Activities to green the supply chain may include a variety of environment-focused actions that guide a company’s interactions with its various suppliers, including:
• Setting environmental standards that all suppliers must meet.
• Creating performance goals, metrics, and supplier scorecards that are used to monitor and evaluate supplier performance over time.
• Establishing a supplier-audit program to verify that suppliers have successfully implemented processes that are effective in reducing environmental impacts.
• Improving business processes to reduce environmental impacts.
• Identifying alternative materials that have a smaller environmental footprint.
• Partnering with government agencies, industry groups, and nongovernment organizations (NGOs) to look for new ways to improve environmental performance.
Greening the supply chain is definitely a profitable-conservation strategy—just ask Dell Computer. Dell holds supplier-innovation summits to generate new ideas for improvements across all areas of the supply chain. For example, one supplier-innovation summit generated the idea that it can remove toxic paints from some of its computers and replace it with a much safer film covering.
Another Dell supplier came up with the idea to mix in straw grass with wood-based pulp for some of Dell’s corrugate boxes. Straw grass is a more quickly renewable resource compared to trees. In addition, straw grass is burned as a farming waste product in parts of China. Rather than burn the straw grass, it could be utilized in the corrugate boxes. Because of this suggestion, Dell now uses a mix of 30% straw grass pulp in some of its boxes. Dell’s innovation program has reduced supply-chain costs by roughly US$ 100 million annually for the past two years.
Dell is not alone. In 2013, Walmart announced that it saved US$ 150 million from supply-chain sustainability efforts in that year alone. General Motors established a reusable-container program with its suppliers and was able to reduce disposal costs by US$ 12 million while reducing environmental impacts. Texas Instruments saves about US$ 8 million per year through supply-chain management practices, such as reducing source materials and reducing and reusing packaging.
As you can see from the examples above, greening your supply chain can add real value to your business by cutting costs, driving innovation for new products and processes, improving customer and consumer perception of your company, and helping you meet or exceed environmental regulations and performance targets.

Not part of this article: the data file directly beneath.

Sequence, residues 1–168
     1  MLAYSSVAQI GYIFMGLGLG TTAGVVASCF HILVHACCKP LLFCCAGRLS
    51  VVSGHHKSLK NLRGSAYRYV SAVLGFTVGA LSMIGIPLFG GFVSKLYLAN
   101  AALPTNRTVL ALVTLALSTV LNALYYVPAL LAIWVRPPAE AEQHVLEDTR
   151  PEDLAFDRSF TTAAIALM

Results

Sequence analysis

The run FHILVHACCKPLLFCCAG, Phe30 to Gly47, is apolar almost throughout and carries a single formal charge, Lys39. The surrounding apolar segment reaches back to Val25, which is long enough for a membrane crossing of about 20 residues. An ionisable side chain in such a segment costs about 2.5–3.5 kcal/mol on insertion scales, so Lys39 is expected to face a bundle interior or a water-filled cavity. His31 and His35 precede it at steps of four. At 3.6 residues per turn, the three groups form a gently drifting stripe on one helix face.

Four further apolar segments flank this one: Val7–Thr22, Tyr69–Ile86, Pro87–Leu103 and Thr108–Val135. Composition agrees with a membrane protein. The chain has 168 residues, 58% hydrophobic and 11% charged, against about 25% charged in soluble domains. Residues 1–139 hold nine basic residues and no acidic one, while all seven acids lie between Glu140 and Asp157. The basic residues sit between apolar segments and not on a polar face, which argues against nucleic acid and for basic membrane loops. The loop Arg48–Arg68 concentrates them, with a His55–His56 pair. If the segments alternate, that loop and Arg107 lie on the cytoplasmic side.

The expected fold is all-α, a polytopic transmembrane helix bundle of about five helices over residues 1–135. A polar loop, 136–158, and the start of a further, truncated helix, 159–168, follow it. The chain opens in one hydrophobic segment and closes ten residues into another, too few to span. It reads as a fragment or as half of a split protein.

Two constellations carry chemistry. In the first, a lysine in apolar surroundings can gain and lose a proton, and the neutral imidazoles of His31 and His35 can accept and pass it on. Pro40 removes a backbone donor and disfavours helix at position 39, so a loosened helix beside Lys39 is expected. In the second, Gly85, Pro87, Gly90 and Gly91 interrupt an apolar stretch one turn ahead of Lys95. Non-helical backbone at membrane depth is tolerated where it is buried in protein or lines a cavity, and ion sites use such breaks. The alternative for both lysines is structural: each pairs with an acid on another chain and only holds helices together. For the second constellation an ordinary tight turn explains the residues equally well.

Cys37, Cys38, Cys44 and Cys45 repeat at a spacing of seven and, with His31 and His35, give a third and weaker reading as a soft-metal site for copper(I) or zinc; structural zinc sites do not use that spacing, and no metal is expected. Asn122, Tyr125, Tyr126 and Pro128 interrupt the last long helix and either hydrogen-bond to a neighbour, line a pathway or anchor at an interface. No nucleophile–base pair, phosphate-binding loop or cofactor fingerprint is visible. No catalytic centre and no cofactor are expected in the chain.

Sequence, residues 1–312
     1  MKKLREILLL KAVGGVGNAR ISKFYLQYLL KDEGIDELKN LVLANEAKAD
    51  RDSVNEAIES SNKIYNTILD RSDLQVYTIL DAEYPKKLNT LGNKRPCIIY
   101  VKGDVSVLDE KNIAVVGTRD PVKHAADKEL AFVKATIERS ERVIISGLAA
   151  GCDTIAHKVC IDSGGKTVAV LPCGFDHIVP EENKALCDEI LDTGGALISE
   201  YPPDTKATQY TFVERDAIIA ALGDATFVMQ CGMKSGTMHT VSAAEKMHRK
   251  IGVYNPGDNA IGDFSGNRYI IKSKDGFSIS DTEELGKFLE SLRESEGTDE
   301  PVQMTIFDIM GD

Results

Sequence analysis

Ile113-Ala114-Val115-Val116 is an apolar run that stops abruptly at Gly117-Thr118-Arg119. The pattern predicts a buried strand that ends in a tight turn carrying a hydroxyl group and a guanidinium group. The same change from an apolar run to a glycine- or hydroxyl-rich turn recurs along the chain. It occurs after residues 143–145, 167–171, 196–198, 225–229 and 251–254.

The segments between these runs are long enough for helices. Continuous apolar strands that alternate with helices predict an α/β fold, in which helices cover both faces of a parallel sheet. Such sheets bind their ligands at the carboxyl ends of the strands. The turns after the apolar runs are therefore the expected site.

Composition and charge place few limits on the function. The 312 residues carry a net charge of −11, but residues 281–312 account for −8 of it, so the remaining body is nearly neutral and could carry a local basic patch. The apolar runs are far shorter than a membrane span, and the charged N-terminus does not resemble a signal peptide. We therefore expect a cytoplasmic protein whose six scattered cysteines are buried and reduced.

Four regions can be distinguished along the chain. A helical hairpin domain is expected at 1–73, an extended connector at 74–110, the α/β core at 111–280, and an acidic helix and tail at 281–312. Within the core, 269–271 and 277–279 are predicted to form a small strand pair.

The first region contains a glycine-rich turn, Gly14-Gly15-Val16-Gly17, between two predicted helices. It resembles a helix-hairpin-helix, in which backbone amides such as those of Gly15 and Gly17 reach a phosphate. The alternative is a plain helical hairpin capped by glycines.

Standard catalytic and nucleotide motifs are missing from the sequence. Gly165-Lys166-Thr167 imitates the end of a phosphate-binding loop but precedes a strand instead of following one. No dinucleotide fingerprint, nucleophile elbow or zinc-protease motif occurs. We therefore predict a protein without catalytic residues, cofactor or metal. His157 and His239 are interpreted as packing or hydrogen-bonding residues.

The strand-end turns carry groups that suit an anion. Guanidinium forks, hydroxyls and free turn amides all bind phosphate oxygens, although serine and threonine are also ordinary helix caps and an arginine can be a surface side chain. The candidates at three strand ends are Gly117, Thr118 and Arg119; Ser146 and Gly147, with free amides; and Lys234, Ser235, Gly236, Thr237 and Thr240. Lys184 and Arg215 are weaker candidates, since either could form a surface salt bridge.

Greening the supply chain isn’t the only strategy that corporations pursue when it comes to preventing overharvesting. Some companies are leveraging their technology to help prevent hunting of endangered wildlife. Let’s look at Cisco Systems as an example.
Cisco Systems has partnered with Dimension Data on a Connected Conservation initiative to track rhino poachers at a game reserve in South Africa. Cisco and Dimension Data are using seismic sensors, drone cameras, thermal imaging, biometric scanning, and networking technology to track the movements of all humans who enter the reserve grounds. Park rangers use these new tools in combination with traditional sniffer dogs and trained soldiers on the ground to catch and deter poachers while minimizing disturbances to the endangered rhinos. The results have been impressive so far. The Connected Conservation initiative has been successful in reducing rhino poaching at the South African reserve by 96%.
In the future, this approach may be leveraged to protect other endangered species throughout the world. The main obstacle that prevents the spread of this technological approach is the US$ 1.5 million-per-year cost of the system. More and more companies are leveraging their products and technologies to develop solutions that directly help in the fight against overharvesting.
I hope you’ve enjoyed this blog series highlighting four of the major threats to biodiversity, and the role that businesses play in helping us get to Half-Earth.
Before I sign off, I want to provide you with one last reminder of the upcoming Half-Earth Day event that will be held on October 22, 2018 at the American Museum of Natural History in New York City. This year’s event includes a “Learning from Local Stewards” panel discussion highlighting key learnings from in-country indigenous and local community leaders, as well as a panel called “Half-Earth: How to Save the Natural World” that will be moderated by The New York Times columnist Thomas L. Friedman and feature E.O. Wilson and legendary recording artist Paul Simon. To learn more about Half-Earth Day, visit http://www.half-earthproject.org/half-earth-day. It’s going to be a great event.
Thanks for taking the time to read this blog series, and I look forward to meeting you at Half-Earth Day!
Mark Aspelin is the Founder and CEO of Profitable Conservation LLC and author of the newly released book “Profitable Conservation: Business Strategies That Boost Your Bottom Line, Protect Wildlife, and Conserve Biodiversity.”